The Republican Convention was a tour de farce of plagiarism, F-list celebrities, lies, and stupidity, capped off by Trump’s “This country is a hellhole, and you’re all going to stay unemployed, lose your jobs and/or die if you don’t elect me” speech. The Democratic Convention was a well-run affair, featuring speeches by actual celebrities and accomplished elected officials, none of whom seemed to be raving lunatics. There was some bad behavior from sour Sanders dead-enders, but they’re now gone and irrelevant.
Hillary Clinton gave an okay speech that accomplished one big thing: it put the Democratic Party on the offensive, seizing the mantle of what it means to be an American in 2016. This is remarkable to me, as the Democratic Party has been on the defensive my entire life when it comes to questions of which party better represents American ideals.
The conventions mark the point in an election cycle when the general American electorate begins to think seriously about the choices for president. For those of us who follow politics on a daily basis, it seems unbelievable that many Americans don’t know anything about the candidates or the parties’ platforms before the conventions, but that is actually the case. The conventions help voters focus by formally deciding on their candidates and providing them and their parties with four days of prime time opportunities to introduce themselves and their policies.
In the wake of last month’s conventions, Clinton quickly took a commanding lead in the polls and has yet to relinquish much if any of it. It turns out that Trump’s candidacy, catering to the grievances and resentments of a faction within one of the major parties, cannot gain much traction with the general electorate in 2016. I always thought/hoped that the election would look like this after the conventions. Trump may have won the votes of 50% or so of the Republican Party’s base by letting the racist freak flag fly, but it didn’t survive first contact with the general electorate. This is why polling trackers give Trump almost no chance of winning the election. FiveThirtyEight gives Clinton an 83.6% chance of winning, likely in an Electoral College landslide. Meanwhile, RealClearPolitics finds that Clinton pretty much has a lock on 272 Electoral College votes (270 are needed to win the presidency). That’s even without quadrennial swing states like Florida and Ohio that have leaned Democratic the last few presidential elections.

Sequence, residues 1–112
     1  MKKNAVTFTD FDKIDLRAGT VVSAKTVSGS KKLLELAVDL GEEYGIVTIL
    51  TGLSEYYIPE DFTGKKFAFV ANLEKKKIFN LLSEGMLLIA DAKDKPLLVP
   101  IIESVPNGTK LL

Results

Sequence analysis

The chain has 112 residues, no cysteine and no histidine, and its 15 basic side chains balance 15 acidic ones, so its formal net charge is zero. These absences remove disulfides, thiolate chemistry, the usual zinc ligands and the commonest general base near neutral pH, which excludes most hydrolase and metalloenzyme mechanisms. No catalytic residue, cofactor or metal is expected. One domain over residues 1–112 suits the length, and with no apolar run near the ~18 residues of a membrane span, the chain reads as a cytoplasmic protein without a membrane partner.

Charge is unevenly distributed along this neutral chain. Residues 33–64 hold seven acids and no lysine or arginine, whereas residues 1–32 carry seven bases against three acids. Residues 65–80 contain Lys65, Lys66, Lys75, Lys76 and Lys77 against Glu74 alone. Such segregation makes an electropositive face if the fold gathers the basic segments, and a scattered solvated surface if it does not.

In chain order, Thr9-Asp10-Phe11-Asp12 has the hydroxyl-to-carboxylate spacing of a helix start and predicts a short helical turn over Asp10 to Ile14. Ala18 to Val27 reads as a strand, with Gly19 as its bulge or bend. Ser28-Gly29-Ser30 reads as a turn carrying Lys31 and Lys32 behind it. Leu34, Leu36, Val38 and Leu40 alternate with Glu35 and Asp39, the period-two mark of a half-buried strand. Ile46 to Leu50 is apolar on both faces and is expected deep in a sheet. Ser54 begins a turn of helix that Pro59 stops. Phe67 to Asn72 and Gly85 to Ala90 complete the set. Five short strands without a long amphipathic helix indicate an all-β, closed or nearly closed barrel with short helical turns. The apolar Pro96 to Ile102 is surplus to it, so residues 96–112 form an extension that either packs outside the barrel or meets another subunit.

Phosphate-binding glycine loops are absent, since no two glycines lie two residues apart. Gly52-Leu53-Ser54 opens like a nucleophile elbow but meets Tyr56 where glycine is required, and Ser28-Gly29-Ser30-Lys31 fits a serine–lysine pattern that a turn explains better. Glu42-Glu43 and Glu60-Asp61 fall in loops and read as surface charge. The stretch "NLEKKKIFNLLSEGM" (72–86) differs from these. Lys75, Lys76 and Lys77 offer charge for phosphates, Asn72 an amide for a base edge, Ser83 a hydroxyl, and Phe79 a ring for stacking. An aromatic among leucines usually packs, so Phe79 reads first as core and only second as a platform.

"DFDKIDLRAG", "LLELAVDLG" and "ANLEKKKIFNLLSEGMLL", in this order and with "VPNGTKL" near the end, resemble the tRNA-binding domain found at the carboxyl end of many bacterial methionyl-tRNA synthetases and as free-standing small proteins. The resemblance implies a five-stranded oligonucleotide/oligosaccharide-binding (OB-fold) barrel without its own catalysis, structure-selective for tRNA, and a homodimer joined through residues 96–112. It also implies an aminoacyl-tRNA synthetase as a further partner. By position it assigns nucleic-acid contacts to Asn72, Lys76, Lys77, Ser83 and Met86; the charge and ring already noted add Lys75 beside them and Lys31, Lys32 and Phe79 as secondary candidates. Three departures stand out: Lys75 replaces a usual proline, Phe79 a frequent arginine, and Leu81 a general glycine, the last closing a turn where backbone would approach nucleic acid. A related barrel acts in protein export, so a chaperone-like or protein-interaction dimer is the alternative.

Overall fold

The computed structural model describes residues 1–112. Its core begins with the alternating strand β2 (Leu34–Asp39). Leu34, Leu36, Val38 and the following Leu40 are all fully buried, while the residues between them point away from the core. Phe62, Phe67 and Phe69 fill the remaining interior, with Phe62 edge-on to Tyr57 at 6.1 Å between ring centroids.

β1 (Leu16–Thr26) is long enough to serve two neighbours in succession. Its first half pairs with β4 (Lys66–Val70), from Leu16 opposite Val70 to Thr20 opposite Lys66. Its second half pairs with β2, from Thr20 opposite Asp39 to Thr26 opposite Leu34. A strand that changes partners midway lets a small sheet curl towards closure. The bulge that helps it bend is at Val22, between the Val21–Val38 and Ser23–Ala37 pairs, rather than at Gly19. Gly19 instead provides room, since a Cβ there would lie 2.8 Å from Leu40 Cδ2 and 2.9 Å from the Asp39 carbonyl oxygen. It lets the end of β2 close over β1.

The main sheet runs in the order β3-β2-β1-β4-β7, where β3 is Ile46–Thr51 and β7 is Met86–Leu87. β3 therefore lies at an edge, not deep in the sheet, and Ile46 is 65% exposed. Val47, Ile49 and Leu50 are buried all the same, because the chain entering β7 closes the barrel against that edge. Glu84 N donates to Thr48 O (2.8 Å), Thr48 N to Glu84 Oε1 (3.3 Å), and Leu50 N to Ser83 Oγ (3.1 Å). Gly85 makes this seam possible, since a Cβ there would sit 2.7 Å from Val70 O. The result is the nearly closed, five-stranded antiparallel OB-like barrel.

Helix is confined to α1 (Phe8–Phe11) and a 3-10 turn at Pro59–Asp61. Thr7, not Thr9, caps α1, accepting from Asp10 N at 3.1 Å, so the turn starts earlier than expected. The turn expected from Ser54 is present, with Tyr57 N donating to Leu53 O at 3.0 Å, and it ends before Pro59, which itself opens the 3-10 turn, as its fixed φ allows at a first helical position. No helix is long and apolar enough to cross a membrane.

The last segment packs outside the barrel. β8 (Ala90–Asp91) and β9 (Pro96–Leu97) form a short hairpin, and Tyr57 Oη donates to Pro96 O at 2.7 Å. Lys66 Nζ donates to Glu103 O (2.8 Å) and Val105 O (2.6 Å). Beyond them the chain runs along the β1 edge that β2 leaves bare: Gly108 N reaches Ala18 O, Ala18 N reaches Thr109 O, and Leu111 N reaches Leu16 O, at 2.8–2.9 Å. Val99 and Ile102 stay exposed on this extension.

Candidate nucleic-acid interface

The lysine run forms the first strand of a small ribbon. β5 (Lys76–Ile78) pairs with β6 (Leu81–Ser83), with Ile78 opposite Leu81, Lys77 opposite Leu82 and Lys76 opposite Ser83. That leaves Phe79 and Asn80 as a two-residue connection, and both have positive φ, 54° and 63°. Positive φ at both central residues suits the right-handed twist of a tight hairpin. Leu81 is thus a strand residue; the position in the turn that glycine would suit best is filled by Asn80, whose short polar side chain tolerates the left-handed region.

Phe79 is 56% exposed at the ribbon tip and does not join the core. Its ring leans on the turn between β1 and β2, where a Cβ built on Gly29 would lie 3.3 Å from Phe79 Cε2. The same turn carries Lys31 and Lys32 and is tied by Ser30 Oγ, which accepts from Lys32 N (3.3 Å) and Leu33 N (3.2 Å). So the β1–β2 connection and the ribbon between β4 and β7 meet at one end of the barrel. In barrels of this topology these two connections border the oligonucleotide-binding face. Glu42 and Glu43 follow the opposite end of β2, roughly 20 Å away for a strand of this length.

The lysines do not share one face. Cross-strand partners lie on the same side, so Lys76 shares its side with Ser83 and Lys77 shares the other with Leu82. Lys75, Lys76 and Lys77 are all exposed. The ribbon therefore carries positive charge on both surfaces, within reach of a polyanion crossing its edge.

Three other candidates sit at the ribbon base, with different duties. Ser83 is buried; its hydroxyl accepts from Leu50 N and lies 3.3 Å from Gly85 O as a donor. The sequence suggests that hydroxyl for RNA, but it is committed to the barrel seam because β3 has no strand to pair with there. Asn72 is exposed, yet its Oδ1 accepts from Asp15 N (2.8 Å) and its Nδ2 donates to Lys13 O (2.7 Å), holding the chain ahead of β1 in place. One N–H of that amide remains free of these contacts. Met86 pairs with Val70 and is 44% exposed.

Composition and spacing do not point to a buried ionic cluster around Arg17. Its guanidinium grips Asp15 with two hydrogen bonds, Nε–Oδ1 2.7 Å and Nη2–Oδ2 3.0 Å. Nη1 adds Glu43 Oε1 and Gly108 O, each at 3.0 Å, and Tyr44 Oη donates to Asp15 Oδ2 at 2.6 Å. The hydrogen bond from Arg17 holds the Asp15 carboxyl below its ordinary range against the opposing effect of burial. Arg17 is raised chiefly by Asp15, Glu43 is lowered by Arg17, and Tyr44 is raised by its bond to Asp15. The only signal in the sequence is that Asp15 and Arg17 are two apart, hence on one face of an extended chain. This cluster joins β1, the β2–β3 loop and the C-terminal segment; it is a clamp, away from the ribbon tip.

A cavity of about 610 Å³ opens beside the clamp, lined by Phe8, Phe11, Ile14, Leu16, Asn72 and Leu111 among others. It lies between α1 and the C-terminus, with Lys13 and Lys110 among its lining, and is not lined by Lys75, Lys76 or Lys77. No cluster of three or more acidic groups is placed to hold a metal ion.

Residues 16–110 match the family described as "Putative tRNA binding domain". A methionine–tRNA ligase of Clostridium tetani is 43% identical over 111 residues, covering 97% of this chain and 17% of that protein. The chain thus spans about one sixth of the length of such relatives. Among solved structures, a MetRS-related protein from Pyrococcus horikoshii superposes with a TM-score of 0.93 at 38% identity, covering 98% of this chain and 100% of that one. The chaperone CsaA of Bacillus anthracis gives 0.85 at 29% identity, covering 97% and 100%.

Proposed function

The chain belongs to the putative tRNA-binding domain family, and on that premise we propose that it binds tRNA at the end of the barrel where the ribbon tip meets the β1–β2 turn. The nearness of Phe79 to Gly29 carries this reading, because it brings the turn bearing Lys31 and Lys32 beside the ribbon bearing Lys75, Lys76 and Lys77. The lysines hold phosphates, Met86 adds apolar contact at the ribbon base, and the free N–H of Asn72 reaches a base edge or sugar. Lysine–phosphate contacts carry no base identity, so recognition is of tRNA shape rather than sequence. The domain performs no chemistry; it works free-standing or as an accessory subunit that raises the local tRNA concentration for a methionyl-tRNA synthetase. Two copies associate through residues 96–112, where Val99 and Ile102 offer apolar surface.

Trump is now desperate. He can’t abide losing. He’s an idiot. So what’s a desperate idiot who’s losing supposed to do?
It turns out that he’s reneging on his promise to deport all undocumented immigrants, flirting with the dread “amnesty” on Fox News Channel with Sean Hannity last night. This must be an effort to stop looking like a racist gleefully intent on mobilizing the forces of the federal government to hunt down 11 million people, deport them, and break up their families. Trump’s too dumb to realize that that horse has left the barn, got hit by a freight train, and then had its hooves salvaged for glue.
The Trump campaign is out of ideas and tricks. It doesn’t know what the point of itself is anymore. Like Fonzie and Happy Days in its fifth season premiere, it has jumped the shark.
When you find yourself flip flopping on the one issue that got you the nomination, it’s time to pack up and go home. Imagine Hillary Clinton securing the nomination, and then saying maybe it’s okay if we don’t have universal pre-K or paid family and medical leave after all. Or Sanders securing the nomination, and then saying big financial banks should remain large and unregulated and hey maybe the rich pay enough in taxes after all. They’d be skewered and rightfully so.
Where does Trump go from here? The election is still two and a half months away and there’s just no point to him anymore. Trump was useful in the sense that it was useful to learn for a certainty that 30 to 40% of the country’s voters are ignorant rubes, just waiting for a Trump to come along and take their dignity and/or their money. But if Trump can’t even keep the one position he’s held clearly and consistently, which enabled him to beat all the other Republican candidates – including John Kasich and Marco Rubio both of whom I think could’ve won the general election – what exactly is he doing?